This course will combine lectures with lab experiments, data collection, data analysis and interpretation from selected self-report and objective assessment tools for PA and SB. You do not need to have any data collected before the course or have any prior experience of PA and SB assessment.


Preliminary Key topics:

Introduction and course overview (PC)

Why do we want to assess PA and SB in our studies? Associations of PA and SB with health outcomes, surveillance across populations and determining the effectiveness of interventions.

Key concepts for assessment tools for PA and SB: context and face validity, reliability, clinical significance, sensitivity to change (EB)

Relationship between energy expenditure and accelerometers during sports, physical activity and everyday tasks theory and lab (PC+LT, KJ, PC)

Which consumer tools are available for PA and SB monitoring?

Questionnaires to assess PA and SB: overview, strength and limitations, applicability to selected populations

What is it like being a participant? Completing PA and SB questionnaires and wearing an accelerometer.

Practicalities of field testing and assessing diverse populations

Accelerometry data processing: learning from the ActiGraph devices (JW, PC)

Accelerometry data collection: what are the current recommendations and are they fit for purpose? (JW)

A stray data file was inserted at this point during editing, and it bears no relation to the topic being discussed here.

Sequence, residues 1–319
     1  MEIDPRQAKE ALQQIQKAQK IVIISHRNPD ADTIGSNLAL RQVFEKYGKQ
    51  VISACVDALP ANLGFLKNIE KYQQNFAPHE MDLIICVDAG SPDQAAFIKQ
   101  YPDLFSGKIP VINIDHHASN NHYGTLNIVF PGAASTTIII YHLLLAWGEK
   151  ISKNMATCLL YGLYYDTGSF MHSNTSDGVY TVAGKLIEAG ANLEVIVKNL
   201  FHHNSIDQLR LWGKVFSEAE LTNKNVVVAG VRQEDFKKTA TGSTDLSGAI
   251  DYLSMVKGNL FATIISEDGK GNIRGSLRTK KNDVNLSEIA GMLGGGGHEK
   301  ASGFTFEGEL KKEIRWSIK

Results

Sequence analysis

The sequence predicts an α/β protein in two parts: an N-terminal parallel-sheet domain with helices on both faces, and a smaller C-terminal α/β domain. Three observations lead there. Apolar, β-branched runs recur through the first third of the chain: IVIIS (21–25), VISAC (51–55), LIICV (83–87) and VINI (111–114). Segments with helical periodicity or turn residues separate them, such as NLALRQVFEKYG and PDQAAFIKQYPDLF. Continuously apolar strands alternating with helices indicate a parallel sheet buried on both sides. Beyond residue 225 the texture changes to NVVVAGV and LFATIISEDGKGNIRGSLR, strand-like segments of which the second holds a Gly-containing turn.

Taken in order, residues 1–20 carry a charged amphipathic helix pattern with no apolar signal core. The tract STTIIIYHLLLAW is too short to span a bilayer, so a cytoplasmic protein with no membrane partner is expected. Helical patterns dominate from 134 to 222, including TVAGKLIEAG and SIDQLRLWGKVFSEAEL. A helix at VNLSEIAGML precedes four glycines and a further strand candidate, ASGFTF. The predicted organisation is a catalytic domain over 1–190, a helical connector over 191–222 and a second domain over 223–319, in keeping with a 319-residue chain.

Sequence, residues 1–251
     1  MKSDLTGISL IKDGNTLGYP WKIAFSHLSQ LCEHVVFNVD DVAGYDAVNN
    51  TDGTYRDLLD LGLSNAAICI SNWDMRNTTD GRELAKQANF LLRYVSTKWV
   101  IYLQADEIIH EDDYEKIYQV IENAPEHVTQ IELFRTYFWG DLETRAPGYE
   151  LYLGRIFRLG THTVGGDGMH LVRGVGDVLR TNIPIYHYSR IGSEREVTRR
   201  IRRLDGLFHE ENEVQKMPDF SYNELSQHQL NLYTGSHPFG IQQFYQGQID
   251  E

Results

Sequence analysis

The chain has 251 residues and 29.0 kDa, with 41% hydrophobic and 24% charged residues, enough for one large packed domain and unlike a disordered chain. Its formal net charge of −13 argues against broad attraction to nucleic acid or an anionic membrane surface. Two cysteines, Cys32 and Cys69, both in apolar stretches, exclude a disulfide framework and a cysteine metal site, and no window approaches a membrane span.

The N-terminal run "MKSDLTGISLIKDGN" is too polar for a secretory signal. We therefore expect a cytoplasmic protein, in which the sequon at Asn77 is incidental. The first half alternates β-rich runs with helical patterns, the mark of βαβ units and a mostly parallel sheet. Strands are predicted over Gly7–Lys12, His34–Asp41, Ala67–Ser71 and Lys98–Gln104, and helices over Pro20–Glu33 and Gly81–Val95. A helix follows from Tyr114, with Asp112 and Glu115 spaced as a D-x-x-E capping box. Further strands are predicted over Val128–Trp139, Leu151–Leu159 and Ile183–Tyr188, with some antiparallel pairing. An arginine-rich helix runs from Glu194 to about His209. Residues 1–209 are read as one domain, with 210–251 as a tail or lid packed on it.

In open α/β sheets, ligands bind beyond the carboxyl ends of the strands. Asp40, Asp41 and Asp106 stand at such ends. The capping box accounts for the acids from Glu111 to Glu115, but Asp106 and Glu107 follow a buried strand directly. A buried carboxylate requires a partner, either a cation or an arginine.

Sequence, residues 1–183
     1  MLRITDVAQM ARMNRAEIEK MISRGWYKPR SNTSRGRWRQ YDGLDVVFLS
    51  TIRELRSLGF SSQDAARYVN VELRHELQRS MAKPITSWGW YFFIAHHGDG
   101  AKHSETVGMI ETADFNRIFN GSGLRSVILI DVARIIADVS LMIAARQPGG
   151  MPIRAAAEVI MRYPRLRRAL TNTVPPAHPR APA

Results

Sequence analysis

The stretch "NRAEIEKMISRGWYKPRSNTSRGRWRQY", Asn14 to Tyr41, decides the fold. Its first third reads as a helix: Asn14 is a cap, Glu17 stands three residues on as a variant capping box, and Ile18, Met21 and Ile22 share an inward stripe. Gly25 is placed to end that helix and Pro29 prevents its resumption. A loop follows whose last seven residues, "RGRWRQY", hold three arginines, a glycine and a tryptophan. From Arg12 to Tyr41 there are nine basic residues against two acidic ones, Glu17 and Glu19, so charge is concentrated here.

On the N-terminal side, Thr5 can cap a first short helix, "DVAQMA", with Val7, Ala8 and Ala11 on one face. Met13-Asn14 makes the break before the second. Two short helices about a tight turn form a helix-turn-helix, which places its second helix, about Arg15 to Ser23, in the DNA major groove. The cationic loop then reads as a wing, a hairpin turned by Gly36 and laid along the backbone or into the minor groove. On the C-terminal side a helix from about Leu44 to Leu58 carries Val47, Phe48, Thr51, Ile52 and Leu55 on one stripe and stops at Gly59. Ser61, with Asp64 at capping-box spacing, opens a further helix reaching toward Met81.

How does data collected from assessment tools fit in with current PA guidelines?

Combining heart rate and accelerometry data: do we get more insight into people’s behavior? (SB)

Data analysis and data interpretation

 

Lecturers

  • Paolo Caserotti (PC)

    Department of Sports Science and Clinical Biomechanics, University of Southern Denmark

  • Eleanor Boyle (EB)

    Department of Sports Science and Clinical Biomechanics, University of Southern Denmark

  • Jan Brønd

    Department of Sports Science and Clinical Biomechanics, University of Southern Denmark

  • Li-Tang Tsai (LT)

    Department of Sports Science and Clinical Biomechanics, University of Southern Denmark

  • Kurt Jensen (KJ)

    Department of Sports Science and Clinical Biomechanics, University of Southern Denmark

  • Mark Tully (MT)

    Institute of Mental Health Sciences, School of Health Sciences, Ulster University

  • Jason Wilson (JW)

    Institute of Mental Health Sciences, School of Health Sciences, Ulster University

  • Erik Shiroma (ES)

    National Institutes of Health National Institute on Aging, Bethesda, USA

  • Annemarie Koster (AK)

    School of public health and primary care, faculty of health, medicine and life science, University of Maastricht

  • Peter Lund Kristensen (PK)

    Department of Sports Science and Clinical Biomechanics, University of Southern Denmark

  • Karsten Elmose (KE)

    Department of Sports Science and Clinical Biomechanics, University of Southern Denmark

  • Søren Brage (SB)

School of Clinical Medicine, University of Cambridge

Course fee: 
The course is free of charge for PhD students enrolled in The Faculty of Health Sci8ences at SDU, for PhD students that have enrolled in other Universities that have joined the "Open market agreement" the c ourse fee is DKK 2125.
For other participants there is a course fee of DKK 7720,-

Credits: 2,5 ECTS.